| Minnesota National Guard prepares its largest ever deployment
The head of Minnesota National Guard says the state's largest troop deployment since World War II will take place next year More than 2,000 Minnesota citizen Soldiers will ship out to the Persian Gulf with most headed for Iraq Since the 9-11 attacks and ensuing war on terrorism, more than 3,200 Minnesota Army National Guard Soldiers have been called up for full-time service Almost 2/3rds of the troops ended up in Iraq Others have taken up duties in countries from Afghanistan to Honduras and at US military bases, and airports here at home Guard troops say Department of Defense efforts to keep them better informed and to provide more support for their families, are helping to ease the strain of their war-time service
St Paul, Minn - Until this year, much of the news from the Minnesota National Guard was about part-time troops being called up for full-time duty At ceremonies throughout Minnesota politicians wished citizen Soldiers well as they parted with their families and friends, many of them headed for combat zones
In recent months some of the same armories and airports where tearful good-byes were said in 2002, 2003 and 2004, have been places of jubilant homecomings
But soon the armories will once again be sending off Soldiers Right now, 2700 Minnesota National Guard Troops are on alert, awaiting orders
Minnesota National Guard commander Major General Larry Shellito says those orders will come in what he'll describe only as the "near term" He says the troops will deploy next year
"'05 is kind of a lot of people coming back home but shortly here we'll be having a lot of ceremonies deploying a lot more Soldiers," Shellito says, "In fact it will be our largest deployment yet"
General Shellito says the Soldiers will be all be supporting Operation Iraqi Freedom Some will be in places such as Kuwait, but Shellito says most will end up in Iraq He says it will be the first combat-zone experience for almost all of the troops
"The vast majority will have either been in Bosnia or Kosovo if they're been anywhere," Shellito says, "Keep in mind, we've recruiting a significant number of new Soldiers also so for a good number of them also it will be first-timers"
The troops on alert now have known about the upcoming deployment for weeks and likely will not be in Iraq for months That's a lot more time to make arrangements for leaving home than was given the first wave of Minnesota Guard troops sent to Iraq
"I got called up at 4:00 on, I think it was a Tuesday evening, and had to report the next morning," says Dan Henry who's a 1st Sgt with the Minnesota Army National Guard "That's how much notice we got"
In his civilian life Henry is in charge of maintaining the facilities at Cathedral High School in St Cloud He remembers well the afternoon more than 2 1/2 years ago when he learned he would become a full-time Soldier in the war on terrorism starting immediately Less than a week after getting the call up order, Henry and nearly 140 other members of 142nd engineering battalion were on their way to Colorado and then off to Iraq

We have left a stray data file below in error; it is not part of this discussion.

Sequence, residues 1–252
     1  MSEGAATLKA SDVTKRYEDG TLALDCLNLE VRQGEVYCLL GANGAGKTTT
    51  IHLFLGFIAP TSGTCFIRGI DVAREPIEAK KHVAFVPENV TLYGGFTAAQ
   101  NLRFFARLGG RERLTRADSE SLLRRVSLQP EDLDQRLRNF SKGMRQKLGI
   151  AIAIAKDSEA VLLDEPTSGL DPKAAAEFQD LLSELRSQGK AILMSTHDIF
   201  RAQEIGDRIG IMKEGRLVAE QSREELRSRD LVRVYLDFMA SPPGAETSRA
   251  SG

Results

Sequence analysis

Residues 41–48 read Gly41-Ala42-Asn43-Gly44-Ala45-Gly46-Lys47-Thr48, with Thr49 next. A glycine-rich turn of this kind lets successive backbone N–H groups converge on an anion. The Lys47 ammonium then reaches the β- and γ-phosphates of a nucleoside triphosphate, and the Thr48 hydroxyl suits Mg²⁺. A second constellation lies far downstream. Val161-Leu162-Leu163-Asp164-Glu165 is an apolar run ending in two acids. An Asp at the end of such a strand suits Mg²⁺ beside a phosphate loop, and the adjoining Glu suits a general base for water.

"I look back on it now and it doesn't seem possible but we made it happen," Says Henry "And you know there was a lot of families that were in the same situation"
And addition to getting himself ready, Henry had to help make arrangements for two of his daughters who were also deployed with him
Since the 142nd was sent to Iraq, many more Minnesota troops have followed In all, nearly 2000 part time Minnesota Soldiers, which is almost 10 percent of the state's Army National Guard force
Three Minnesota Guard members have been killed in Iraq
Henry will soon retire from the Guard, making another deployment unlikely for him He says for other guard Soldiers, the uncertainty about deployments is difficult but something he says the military is trying to address
"I met with Senator Coleman and General Shellito from the State of Minnesota shortly after I go back," Henry says "And that's one thing that the Guard is doing is they're asking these troops that are coming back what concerns they have and that's what I brought up is that I think with the National Guard we need more parameters of exactly what we can expect -- how often we might be deployed, for what the length of the deployments are those type of questions and they're getting us some answers I think that it's finally starting to work through and they are trying to address some of those issues"
Back at headquarters General Shellito says it's in the Guard's best interest to get straight forward deployment information to troops as early as possible
"What's happening is they are trying to answer the most common complaint that initially occurred and that was predictability," Shellito says "We're working very, very hard to predict and as soon as we know something both on a national and a state level, we get that information out as quickly as possible We just have to be careful that, you know, it's not rumor but that it is based on solid, best known facts at that time"